Same old Democratic Party, now with new dirty tricks.
Running an election is no easy feat. Before you can even get to the part where you kiss babies and shake unsanitized hands, politicians have to contact their likely voters and get them engaged in the political process.
The Democratic Party does this through the Voter Access Network (VAN), a database of all likely Democratic voters in any given state, with all the right material one needs to get their representative to their voters’ ears.
Last Wednesday, Justice Democrats co-founders Cenk Uygur and Kyle Kulinski, who both host political shows in The Young Turks and Secular Talk, revealed that the Tom Perez run Democratic National Committee is actively blocking their populist-left candidates from this key election material.
Their petition reads: “Three Democratic state parties in Washington, Illinois, and New York are standing in the way of Justice Democrats candidates contacting progressive voters. They’ve blocked our access to the most critical voter contact tools that most Democratic campaigns use.”
According to Uygur and Kulinski, speaking on behalf of their candidates, the DNC officials have not given consistent reasons as to why they have been excommunicated from using the VAN.
Uygur states that Illinois’ Justice Democrat Anthony Clark, set to primary the incumbent Rep. Danny Davis, was given no answer at all. Flat out denied access with no explanation.
New York candidate Alexandria Ocasio-Cortez, challenging the incumbent Rep. Joe Crowley, was given a “watered-down version” with only information that dates back to 2012. Requests for updated versions have been denied.
And Washington candidate Sarah Smith, who will face Rep. Adam Smith in the 2018 mid-terms, has been given the most complicated of instructions: Uygur explains that Smith would have only received her information from the DNC if she were to gain “two county party approvals, the approval from ten legislative district parties,” and, the most insane of all, “the endorsement of half the Democratic Party”.
Considering the impossible litmus test this is for a new anti-establishment candidate to meet, her access to VAN has been, you guessed it, denied.
What interpretation is there other than this being power politics and party division orchestrated by the New Democrat Coalition? That centrist, triangulating faction, which began with Jim Himes, Allyson Schwartz, and former president Bill Clinton, who are clinging to the inflated popularity that isn’t there anymore.
You would have to assume they’d rather risk tight matches (and losses) with Republicans than adopting populist leftism.
The Daily Beasts’ Joy Anne Reid and Real Time’s Bill Maher may cry tales of needed “unity” in the age of Trump, but their words read easier as “fall in line” when considering Maher’s tirade about telling “liberal purists” to “fuck off.”
One can’t unify the base with insults to their face.
Sen. Chuck Schumer now talks of “better deals” to unite Democrats, but how does that explain his divisive 2016 strategy to pick up “moderate Republicans in Philadelphia” rather than the rust belt?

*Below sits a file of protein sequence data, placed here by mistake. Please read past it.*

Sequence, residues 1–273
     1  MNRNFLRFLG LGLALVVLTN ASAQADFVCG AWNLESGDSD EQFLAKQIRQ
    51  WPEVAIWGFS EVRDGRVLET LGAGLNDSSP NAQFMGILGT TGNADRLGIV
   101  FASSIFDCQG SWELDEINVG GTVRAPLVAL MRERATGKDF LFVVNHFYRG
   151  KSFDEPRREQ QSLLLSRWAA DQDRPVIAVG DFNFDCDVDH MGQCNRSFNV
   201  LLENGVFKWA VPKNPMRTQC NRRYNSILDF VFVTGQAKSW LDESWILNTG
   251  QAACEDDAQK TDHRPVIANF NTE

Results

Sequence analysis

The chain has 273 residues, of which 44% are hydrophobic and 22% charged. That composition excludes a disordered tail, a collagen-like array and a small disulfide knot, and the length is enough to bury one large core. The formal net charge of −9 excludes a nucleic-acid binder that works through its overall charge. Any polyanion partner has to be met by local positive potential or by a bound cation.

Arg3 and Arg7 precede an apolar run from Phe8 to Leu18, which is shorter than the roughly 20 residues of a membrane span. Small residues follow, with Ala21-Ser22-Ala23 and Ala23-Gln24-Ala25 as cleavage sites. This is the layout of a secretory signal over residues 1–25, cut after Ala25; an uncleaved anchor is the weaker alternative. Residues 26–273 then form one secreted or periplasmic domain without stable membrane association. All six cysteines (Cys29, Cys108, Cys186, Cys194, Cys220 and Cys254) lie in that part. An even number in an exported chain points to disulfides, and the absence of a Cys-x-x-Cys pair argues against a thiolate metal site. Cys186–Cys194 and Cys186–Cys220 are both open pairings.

DNC chair Tom Perez may go on “unity tours” with Vermont Senator Bernie Sanders, but how does the purging of DNC Sanders backers help unity?
It’s division through and through.
Justice Democrats, among other leftist groups, actually walk the unity walk.
Their movement gained the endorsement and cooperation of Our Revolution, Brand New Congress, People For Bernie, Democratic Socialists, Fight For 15 and National Nurses United, raising just over $3M in small dollar campaign donations.
There is a unity movement on the left, and it's behind the leftist principles of Bernie Sanders.
When asked about these dirty tricks, Justice Democrats’ Communication Director, Corbin Trent, didn’t mince words about the grassroots support:
“It’s baffling to me. Sanders’ presidential race added much-needed energy to the party. This slate of 29 inspirational Justice Democrats could have a similar impact. But, we are being thwarted at every turn. We fully expected that we’d get resistance from multi-national corporations and the billionaire-class, but it’s a shame that we also have to fight our own damn party”.
Trent is right to highlight the energy behind Sanders. It’s fair to note, I myself donated a small sum to Justice Democrats, as well as media figures who endorse it like Kulinski and Sargon of Akkad, but the Sanders polling, which is the vision behind the organization, is indisputably popular.
In a newly released Harvard-Harris poll, Sanders is in his eighth month straight as the most popular American politician in the country. Among Democrats, Sanders has a staggering 79% approval rating nationwide, 55% among Independents and 22% among Republicans.
To say Sanders is unelectable and doesn’t have a unifying vision, even outside his party, is absurd.
Justice Democrats concluded their petition with this message:
“The establishment wants our movement to fail. They know we’re going to win if we can reach voters with our progressive message. So they’re trying to stop us from knocking on doors and making phone calls. We’re not going to let them.”